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Current management of antithrombotic treatment in patients with non valvular atrial fibrillation and prior history of stroke or transient ischemic attack
Atrial fibrillation is the most frequent arrhythmia seen in clinical practice and is one of the most important risk factors for suffering a stroke. Strokes associated to atrial fibrillation are more severe, present higher mortality and disability rates, and there is a greater risk of recurrence. Consequently, both primary and secondary prevention of stroke associated to atrial fibrillation by means of suitable antithrombotic treatment is clearly essential in order to lower this risk. Chronic oral anticoagulants are the cornerstone of antithrombotic treatment in patients with non-valvular atrial fibrillation, especially in those who have already had a stroke. Vitamin K antagonists have traditionally been used for this purpose. Yet, these drugs have several important disadvantages (narrow therapeutic window, unpredictable response, numerous interactions with drugs and foods, as well as starting and finishing their action slowly), which limit their use in clinical practice. The new oral anticoagulants not only overcome these disadvantages but also have proved to be at least as effective as warfarin in the prevention of strokes and systemic embolism in patients with non-valvular atrial fibrillation. Additionally, they have been shown to have a better safety profile, especially with an important drop in the risk of intracranial haemorrhage, regardless of the antecedents of stroke or transient ischaemic attack, which makes them first-choice drugs in the treatment of these patients.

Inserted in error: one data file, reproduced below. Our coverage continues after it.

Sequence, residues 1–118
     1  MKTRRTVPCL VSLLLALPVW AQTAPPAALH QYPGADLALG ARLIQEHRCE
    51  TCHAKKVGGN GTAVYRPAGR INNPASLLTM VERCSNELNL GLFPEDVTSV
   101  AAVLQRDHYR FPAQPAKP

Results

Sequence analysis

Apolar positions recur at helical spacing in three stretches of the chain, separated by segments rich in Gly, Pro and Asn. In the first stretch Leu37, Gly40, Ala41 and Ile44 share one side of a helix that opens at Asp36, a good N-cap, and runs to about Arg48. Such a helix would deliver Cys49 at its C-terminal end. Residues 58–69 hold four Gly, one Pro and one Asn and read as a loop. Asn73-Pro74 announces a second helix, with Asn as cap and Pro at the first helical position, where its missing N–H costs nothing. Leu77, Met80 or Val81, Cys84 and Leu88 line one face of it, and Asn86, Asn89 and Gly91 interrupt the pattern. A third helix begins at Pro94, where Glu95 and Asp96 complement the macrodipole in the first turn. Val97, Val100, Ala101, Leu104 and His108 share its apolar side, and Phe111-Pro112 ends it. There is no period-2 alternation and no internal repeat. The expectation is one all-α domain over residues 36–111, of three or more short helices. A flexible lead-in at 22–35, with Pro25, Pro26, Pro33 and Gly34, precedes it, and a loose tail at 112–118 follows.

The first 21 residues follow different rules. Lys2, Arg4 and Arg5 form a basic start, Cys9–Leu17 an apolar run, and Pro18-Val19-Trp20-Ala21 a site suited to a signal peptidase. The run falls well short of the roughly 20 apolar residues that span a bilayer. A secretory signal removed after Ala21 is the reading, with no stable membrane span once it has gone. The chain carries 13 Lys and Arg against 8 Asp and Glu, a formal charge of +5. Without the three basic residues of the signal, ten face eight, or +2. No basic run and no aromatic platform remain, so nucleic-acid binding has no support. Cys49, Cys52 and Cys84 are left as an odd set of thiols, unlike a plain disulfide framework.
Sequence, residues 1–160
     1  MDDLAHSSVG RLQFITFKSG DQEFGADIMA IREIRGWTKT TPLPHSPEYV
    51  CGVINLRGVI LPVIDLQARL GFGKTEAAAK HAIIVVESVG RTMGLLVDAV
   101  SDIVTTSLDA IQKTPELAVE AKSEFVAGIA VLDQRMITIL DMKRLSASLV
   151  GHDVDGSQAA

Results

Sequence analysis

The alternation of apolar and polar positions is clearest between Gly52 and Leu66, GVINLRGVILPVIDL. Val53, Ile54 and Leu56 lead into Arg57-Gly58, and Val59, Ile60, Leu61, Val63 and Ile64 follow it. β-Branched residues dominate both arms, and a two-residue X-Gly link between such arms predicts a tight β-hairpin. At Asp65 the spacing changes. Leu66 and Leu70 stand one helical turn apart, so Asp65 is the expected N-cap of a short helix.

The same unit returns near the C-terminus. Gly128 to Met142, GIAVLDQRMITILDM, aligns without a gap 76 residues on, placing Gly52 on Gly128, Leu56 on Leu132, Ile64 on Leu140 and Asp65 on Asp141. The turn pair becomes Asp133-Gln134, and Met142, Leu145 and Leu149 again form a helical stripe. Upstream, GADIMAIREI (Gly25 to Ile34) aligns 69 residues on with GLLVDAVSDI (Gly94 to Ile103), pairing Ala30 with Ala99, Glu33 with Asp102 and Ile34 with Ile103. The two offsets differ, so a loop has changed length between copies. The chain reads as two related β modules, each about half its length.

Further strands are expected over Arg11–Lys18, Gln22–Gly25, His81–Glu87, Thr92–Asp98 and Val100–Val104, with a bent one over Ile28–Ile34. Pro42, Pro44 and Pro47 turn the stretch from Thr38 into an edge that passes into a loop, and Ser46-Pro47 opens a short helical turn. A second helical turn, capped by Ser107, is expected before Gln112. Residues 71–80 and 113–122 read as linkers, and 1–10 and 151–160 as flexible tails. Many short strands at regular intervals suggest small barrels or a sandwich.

AcenocumarolApixabanAtrial fibrillationDabigatranEdoxabanRivaroxabanStrokeTransient ischaemic attackVitamin K antagonistsWarfarinPatología vascular